Trying to Find Jesus a Wife

Image: Harvard Divinity School

Image: Harvard Divinity School

Back in 2012, a few fragments of papyrus were discovered that seem to indicate that Jesus had a wife. One of them reads, “Jesus said to them, ‘My wife…'” and another says, “As for me, I dwell with her in order to…” – although the speaker in the second line is not named.

They were largely dismissed as modern forgeries (not as “new” but within the last few hundred years) when they were discovered, but recent testing has shown them to be much older. If you’ve heard about it on the news or online, you’ve probably seen headlines like “Jesus’ Wife Was Not A Fake” or “Harvard journal says “Gospel of Jesus’s Wife” is ancient, not a modern forgery” or even “Scientists: Ancient papyrus that says Jesus was married is authentic.” All of this has many Christians wondering what to make of this. Did Jesus have a wife? Does this prove that Jesus really was married?

While some may see headlines like those and immediately call into question the authenticity of Scripture and what the church has taught, should we really be ready to believe that Jesus had a wife?

First, we need to know that while they’re old, they’re not as old as Jesus. These fragments have been dated to anywhere between the 6th and 9th centuries AD (500-800 AD). That’s pretty old. But is it old enough? When you consider that the four Gospels were written around 50-90 AD and the oldest copies and fragments we have of them date to as far back as 117 AD, these recently discovered papyri are from at least 400 years after Jesus. That would be like finding a note from today making a new claim about the life of Shakespeare and assuming it was correct. 

So should Christians be worried about this kind of discovery?

Let’s first remember that there are several old texts that refer to Jesus Christ and not all of them are authentic or legitimate. The four Gospels written by Matthew, Mark, Luke and John, are the only records of Jesus life and ministry that we have. There were no other writings that were considered or evaluated when it came to the Gospels. (Those words “considered” or “evaluated” aren’t even really the right terms – the church didn’t go looking for writings to include in the New Testament. Instead, these writings were widely read and circulated between churches and understood to be the Word of God.) From the time they were written, these four Gospels have been recognized by the church as the only divinely inspired writings about Jesus.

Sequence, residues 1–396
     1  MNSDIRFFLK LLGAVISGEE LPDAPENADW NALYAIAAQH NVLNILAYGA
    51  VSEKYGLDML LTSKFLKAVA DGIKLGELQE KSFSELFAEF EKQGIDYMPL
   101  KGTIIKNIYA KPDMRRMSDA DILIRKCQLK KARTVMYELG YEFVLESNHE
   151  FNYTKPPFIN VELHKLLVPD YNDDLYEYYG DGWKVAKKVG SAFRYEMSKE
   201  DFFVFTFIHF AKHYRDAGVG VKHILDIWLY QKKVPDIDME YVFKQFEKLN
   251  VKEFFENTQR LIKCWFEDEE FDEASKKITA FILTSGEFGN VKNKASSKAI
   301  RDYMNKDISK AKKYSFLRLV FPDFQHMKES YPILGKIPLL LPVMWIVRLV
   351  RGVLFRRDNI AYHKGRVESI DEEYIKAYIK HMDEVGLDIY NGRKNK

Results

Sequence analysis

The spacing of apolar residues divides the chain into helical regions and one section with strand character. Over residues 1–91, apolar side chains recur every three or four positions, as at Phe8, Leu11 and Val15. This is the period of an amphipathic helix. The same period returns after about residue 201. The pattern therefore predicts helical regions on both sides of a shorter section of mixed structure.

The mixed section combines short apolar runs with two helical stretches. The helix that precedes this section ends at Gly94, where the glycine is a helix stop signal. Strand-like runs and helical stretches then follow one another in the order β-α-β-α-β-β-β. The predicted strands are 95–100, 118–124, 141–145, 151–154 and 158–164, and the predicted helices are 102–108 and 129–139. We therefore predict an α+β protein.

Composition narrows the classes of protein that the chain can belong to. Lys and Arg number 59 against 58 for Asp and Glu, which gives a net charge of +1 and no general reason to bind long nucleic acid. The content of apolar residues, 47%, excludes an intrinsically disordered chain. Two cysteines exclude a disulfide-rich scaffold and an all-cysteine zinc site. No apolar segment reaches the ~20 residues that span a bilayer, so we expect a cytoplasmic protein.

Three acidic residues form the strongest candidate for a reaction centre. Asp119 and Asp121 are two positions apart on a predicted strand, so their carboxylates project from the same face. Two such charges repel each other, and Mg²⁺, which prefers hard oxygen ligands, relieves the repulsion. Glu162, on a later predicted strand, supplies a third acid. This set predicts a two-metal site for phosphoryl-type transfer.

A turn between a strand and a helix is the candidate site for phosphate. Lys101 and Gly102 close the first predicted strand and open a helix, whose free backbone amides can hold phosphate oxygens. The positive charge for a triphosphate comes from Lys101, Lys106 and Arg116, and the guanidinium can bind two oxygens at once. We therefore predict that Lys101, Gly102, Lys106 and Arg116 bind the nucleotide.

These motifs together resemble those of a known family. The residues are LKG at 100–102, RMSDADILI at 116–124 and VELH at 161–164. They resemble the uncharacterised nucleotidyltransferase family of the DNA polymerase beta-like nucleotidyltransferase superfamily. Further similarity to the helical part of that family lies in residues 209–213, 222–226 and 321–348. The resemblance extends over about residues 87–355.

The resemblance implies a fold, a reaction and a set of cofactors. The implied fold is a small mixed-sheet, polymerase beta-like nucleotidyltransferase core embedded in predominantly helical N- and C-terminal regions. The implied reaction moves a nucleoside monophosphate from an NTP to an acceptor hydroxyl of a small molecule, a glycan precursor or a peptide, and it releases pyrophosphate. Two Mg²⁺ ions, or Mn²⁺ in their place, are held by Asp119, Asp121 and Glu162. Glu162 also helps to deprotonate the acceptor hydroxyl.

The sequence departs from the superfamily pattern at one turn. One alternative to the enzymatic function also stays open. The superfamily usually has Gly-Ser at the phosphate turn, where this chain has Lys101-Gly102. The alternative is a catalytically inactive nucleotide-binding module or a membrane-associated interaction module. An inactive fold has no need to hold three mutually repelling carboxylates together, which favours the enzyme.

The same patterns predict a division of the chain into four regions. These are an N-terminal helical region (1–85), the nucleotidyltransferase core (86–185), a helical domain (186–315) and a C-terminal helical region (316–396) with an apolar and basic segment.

You may have heard about The Gospel of Thomas, The Gospel of Judas, or The Gospel of Mary. National Geographic and The History Channel like to parade these writings around as proof that the church was selective about what books made it into the Bible and which ones got left out, and it’s often portrayed that the church had some kind of ulterior motive. As much as it makes for great drama, it’s just not true.  Those other writings came about much later – centuries later – than the writers of the Gospels. They were also written from a Gnostic view and not from a Christian view.

IF Jesus had been married, we would surely know about it from the writers of the Gospels. We would expect that a major detail like that to be included. Instead, there is no mention of a wife or even a family other than His parents and siblings.

Christians have no need to be concerned about the Bible’s authenticity or an alleged coverup of a detail like this.

So, the real question is, why are people working so hard to get Jesus married off? 

It partly comes from historians and archeologists who are searching for what they call the Jesus of History (as opposed to the Jesus of faith). It seems like a perfectly legitimate thing to study. After all, Jesus was a real person who lived in first century Palestine and there are several historical records that make reference to Jesus and His followers. It’s impossible to make the claim that Jesus never existed – there is simply too much of a record that He really lived. It certainly seems like a worthy field of study.

But the search for the Historical Jesus [usually] begins with a critical starting point: that Jesus was only a man. As Christians, there’s an important understanding of who Jesus really is, namely He is one person with two natures – a divine and human nature. Those who are looking for the Historical Jesus are more often than not of the persuasion that Jesus was merely a human – certainly an influential one, but a human none the less. In their view, the divinity of Jesus is completely ignored or removed. This means that there were no miracles, no resurrection, and no healing. They see Jesus’ teaching as only symbolic and usually politically oriented. In short, the Jesus of History that they find ends up looking nothing like the real Jesus – the Son of God and second person of the Trinity.

For them, getting Jesus married seems like a perfectly normal thing to do. It would have been common for a rabbi of Jesus’ time to be married and have a family. But for Christians who understand that Jesus is both God and Man and who was on a mission to save creation from the power of sin, death, and Satan, marriage wouldn’t be on Jesus’ agenda. He had a job to do and being married wouldn’t have helped Him accomplish His mission.

We can also take comfort in the fact that these kind of claims have been made for centuries, and the position of the church has remained unchanged – not because of some sly agenda or corrupt teaching, but because of the Word of God.

The Jesus’ wife papyri may be old, and may say that Jesus had a wife, but it doesn’t make the claim true.

About Matthew Starner

Matthew Starner is pastor of Journey of Faith Church in Grand Rapids, Michigan, where they help people take their next step on their journey with Jesus.

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